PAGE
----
Happy time would pass really fast. Today was the last day when we could enjoy our stay in Whistler. Looking back on the past six days, we didn't have even one cloudless day with brilliant sunshine. I'd like to have taken lots of pictures for two couples, Mr. & Mrs. K. and Mr. & Mrs. W., who visited Whistler for the first time, but I couldn't.
Today, Mr. & Mrs. W. chose a walk and shopping in the village rather than skiing. Our group leader visited a physical therapist's clinic. Mr. & Mrs. K. and I went up heading to the summit of Blackcomb mountain. I was going to take pictures on the summit, even if we had to wait for the sun's appearance for some time as long as we could put up with the bitterness. When we got to the summit, a strong wind blew a blanket of dense fog and clouds around us and surprisingly we could view the Black Tusk, the most symbolic pinnacle of volcanic rock located in Garibaldi Provincial Park of British Columbia. The goddess of the mountain might smile on us.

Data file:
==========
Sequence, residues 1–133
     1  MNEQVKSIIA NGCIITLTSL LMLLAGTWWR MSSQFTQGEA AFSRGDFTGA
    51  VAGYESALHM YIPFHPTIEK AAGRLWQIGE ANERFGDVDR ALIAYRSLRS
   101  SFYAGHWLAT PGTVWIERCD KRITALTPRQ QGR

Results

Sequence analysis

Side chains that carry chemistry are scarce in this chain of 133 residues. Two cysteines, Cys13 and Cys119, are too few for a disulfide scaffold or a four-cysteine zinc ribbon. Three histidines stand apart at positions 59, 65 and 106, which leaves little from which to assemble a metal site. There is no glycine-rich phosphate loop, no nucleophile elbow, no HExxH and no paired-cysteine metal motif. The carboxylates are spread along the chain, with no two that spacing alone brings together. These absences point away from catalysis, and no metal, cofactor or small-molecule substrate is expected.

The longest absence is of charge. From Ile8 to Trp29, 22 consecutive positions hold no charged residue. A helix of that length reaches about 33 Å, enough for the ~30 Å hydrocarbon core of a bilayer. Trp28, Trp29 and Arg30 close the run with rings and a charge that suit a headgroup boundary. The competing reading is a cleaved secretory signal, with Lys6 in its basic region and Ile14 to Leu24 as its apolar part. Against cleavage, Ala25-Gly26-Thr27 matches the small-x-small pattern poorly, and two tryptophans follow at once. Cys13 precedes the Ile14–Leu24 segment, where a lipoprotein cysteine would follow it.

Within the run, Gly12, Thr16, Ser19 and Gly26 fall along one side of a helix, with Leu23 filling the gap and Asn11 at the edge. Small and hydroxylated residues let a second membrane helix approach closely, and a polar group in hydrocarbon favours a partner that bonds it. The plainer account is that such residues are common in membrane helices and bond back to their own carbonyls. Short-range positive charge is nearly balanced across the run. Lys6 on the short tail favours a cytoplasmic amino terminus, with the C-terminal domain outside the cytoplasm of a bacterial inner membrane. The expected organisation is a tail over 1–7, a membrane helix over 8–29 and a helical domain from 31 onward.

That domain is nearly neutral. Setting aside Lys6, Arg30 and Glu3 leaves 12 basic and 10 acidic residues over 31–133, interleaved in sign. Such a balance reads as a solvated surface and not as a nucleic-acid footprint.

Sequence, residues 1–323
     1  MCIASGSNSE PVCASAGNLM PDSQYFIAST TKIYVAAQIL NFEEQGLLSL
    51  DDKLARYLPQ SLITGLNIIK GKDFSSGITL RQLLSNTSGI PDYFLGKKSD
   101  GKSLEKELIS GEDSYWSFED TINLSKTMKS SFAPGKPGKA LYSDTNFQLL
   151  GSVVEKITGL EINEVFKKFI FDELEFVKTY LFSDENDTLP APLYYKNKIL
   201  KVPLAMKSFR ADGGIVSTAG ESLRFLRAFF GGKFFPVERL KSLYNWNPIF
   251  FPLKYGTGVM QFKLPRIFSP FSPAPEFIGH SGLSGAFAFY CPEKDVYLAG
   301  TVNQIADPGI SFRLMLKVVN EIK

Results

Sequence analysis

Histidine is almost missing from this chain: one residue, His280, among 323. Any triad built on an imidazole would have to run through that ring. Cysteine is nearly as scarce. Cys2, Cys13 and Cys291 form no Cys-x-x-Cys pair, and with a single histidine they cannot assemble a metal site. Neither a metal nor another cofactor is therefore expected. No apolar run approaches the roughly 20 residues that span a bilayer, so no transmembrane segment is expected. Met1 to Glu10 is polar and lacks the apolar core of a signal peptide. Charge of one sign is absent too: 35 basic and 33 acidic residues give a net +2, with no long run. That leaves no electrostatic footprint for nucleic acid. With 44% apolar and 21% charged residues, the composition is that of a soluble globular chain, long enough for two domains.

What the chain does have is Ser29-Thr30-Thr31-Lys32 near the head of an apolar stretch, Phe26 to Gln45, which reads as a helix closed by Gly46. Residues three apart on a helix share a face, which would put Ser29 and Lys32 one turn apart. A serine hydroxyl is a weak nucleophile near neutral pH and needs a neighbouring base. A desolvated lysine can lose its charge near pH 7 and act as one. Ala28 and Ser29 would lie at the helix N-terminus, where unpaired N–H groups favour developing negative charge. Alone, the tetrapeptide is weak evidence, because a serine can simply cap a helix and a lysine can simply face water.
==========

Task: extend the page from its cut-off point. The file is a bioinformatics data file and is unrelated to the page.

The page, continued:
When we were skiing down the slope and passed under the Peak2Peak gondola, we happened to find that one of the Peak2Peak gondolas has a window in its floor. Height scares me, but I'm a man of curiosity. I tried to get on, and was predictably filled with fear. I just wanted to show the picture to my friends.
blanket 一面に覆うもの [＋blanket of]
a blanket of snow 一面に積もった雪
a blanket of fog 一面の霧
thick/heavy/dense fog 濃霧, 深い霧
《[C]通例単数形で》 (経歴などの) 頂点, 絶頂, 脂の乗りきった時期
reach the pinnacle (of sth) （＜経歴など＞の）頂点に達する
(建築物の) 小尖塔(せんとう), ピナクル; (高山の) 峰; 大きくとがった岩
predictably 予想どおり（に）; 予測しえたように, 予想にたがわずに